Nervous dogs are at an increased risk of fatigue. Dogs that only paddle with their front limbs tire more quickly and are given additional safety by wearing a life jacket. If there is panic and thus uncontrolled paddling movements, water is often swallowed and it can even lead to drowning. To find the right vest for your dog, you should go to a specialty store. Ordering via the Internet can be difficult because dogs have very different body shapes.
A little tip for everyone who finds a life jacket superfluous. A waterproof luminous collar can show the way to the underwater dog in an emergency. Depending on the water quality, the dog may no longer be visible after a few centimeters.
Do not drink water from lakes or streams
Bring your own water for your dog. Lakes, swamps and streams are often contaminated with pathogenic organisms. In mild cases it can lead to diarrhea (e.g. from Giardia), but in severe cases (e.g. leptospirosis) even death. Many private swimming opportunities are treated with algae killers or chlorine and are therefore unsuitable sources of water.
In contrast to infection, the risk of water poisoning is quite low. In healthy animals, an extreme amount of water has to be consumed in order to trigger symptoms of poisoning (nausea and vomiting). Nevertheless, animals with previous illnesses (e.g. kidney or heart problems) are at an increased risk.
also do not drink sea water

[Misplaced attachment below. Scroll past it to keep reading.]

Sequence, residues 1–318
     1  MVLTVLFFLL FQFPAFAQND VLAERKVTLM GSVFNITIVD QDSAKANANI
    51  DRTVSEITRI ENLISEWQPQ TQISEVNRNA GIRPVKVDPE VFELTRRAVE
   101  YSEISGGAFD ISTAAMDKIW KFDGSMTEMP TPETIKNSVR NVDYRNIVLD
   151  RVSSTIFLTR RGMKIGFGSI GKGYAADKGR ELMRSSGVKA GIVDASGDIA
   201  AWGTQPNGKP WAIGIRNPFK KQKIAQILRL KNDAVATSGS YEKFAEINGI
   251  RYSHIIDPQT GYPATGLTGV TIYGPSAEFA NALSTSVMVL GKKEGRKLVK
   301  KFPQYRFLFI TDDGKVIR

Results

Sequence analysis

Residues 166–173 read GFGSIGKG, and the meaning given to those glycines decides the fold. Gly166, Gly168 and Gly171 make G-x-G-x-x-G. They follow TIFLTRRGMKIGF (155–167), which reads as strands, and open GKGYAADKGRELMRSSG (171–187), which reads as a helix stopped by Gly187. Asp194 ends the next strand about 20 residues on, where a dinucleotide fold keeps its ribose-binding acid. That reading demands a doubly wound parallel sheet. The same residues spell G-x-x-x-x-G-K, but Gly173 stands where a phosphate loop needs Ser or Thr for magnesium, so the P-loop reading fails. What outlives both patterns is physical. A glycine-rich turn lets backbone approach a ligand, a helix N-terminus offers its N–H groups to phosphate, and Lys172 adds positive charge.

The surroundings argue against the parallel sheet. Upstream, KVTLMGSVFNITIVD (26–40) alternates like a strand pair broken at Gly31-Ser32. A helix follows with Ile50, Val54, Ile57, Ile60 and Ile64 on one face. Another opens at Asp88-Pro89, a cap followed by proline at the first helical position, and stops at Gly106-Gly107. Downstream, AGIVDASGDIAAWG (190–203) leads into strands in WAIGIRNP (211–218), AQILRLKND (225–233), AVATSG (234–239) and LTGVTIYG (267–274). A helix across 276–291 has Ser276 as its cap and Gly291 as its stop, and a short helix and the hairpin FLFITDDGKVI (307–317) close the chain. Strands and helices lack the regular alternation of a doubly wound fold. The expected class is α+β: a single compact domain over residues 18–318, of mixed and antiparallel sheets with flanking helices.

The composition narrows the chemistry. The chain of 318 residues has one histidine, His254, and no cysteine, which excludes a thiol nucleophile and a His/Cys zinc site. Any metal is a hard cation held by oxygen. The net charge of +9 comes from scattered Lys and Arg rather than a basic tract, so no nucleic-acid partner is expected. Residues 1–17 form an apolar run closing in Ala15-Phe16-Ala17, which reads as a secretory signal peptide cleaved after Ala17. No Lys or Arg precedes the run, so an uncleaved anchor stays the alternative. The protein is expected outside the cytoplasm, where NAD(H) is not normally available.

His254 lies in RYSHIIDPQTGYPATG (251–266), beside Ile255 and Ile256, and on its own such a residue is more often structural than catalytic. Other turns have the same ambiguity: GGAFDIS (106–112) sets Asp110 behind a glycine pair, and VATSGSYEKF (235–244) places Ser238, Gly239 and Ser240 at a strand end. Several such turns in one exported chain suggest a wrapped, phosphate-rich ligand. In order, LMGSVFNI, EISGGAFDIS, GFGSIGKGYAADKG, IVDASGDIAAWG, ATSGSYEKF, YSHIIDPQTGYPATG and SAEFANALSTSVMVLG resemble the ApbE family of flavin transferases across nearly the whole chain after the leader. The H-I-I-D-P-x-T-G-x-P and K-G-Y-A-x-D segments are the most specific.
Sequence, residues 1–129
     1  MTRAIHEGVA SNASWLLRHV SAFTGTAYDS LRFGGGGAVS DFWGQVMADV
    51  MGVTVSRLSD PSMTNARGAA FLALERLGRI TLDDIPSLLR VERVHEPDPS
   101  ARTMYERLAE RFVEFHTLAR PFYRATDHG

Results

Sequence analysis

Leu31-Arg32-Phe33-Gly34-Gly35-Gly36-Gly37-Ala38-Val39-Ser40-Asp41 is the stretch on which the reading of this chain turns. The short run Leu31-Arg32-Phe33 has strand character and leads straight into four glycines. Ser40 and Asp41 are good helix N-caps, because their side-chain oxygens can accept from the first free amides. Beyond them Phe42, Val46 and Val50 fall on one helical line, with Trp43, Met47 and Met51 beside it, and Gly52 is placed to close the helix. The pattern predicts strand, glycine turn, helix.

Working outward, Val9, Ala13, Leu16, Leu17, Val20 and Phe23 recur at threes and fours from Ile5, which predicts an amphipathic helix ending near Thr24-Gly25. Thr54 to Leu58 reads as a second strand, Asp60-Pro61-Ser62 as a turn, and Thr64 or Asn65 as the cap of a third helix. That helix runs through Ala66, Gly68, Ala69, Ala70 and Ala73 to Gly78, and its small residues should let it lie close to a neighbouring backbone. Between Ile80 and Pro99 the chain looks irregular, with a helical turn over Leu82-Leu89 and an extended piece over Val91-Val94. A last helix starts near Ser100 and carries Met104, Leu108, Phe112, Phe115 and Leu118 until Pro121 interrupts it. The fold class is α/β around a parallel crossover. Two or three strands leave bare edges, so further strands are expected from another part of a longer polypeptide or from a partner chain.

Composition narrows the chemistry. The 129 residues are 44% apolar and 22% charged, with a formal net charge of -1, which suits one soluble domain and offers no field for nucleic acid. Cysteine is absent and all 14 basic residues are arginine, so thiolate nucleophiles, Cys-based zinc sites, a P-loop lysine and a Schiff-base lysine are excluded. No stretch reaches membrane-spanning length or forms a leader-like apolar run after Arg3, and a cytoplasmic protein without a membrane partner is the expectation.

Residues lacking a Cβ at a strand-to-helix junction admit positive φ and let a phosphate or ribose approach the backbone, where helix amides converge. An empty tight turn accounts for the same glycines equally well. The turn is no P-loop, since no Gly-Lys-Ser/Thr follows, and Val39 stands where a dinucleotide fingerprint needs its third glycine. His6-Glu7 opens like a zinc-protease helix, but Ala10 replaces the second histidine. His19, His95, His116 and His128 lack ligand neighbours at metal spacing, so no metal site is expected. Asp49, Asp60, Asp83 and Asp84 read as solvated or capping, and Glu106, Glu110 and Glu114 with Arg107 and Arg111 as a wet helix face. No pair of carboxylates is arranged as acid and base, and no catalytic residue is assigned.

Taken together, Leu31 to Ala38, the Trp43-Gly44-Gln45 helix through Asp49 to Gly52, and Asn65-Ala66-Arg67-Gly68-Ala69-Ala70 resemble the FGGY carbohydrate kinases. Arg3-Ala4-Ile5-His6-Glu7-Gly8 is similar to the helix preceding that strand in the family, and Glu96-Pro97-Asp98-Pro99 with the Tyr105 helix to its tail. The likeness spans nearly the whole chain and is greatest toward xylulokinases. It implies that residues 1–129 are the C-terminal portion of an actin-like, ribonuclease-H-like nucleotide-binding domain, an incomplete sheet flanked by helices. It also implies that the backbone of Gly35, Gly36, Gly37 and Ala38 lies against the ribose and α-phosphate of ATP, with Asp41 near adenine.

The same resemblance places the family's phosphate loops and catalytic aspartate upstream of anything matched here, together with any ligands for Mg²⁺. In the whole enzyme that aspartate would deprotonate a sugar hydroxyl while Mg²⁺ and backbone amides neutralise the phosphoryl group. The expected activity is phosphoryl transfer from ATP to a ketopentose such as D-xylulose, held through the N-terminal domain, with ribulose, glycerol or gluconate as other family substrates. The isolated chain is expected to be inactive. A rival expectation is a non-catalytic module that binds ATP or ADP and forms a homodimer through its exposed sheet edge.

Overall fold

Sea water is also not a good choice for dogs. The very salty water draws fluid from the body and thus leads to diarrhea and vomiting. This type of diarrhea (also known as beach diarrhea) comes on quickly and results in severe dehydration. If dogs are then not given enough fluids, severe kidney failure is easy, which is often fatal. To reduce the risk of your dog drinking water while swimming, always offer him fresh water and watch him to see if he is ingesting salt water.
If possible, only go to designated beaches. The bacteria count in the water and other water values are checked here. Also pay attention to the designation as a dog bathing beach.
When swimming in lakes, streams or rivers, the animals can devour themselves in green plants, which in the worst case, tear them under water. The same applies to disturbances in flowing water. Swimming is safest in the immediate vicinity of the shore. There the dog can get to safety more quickly when exhausted.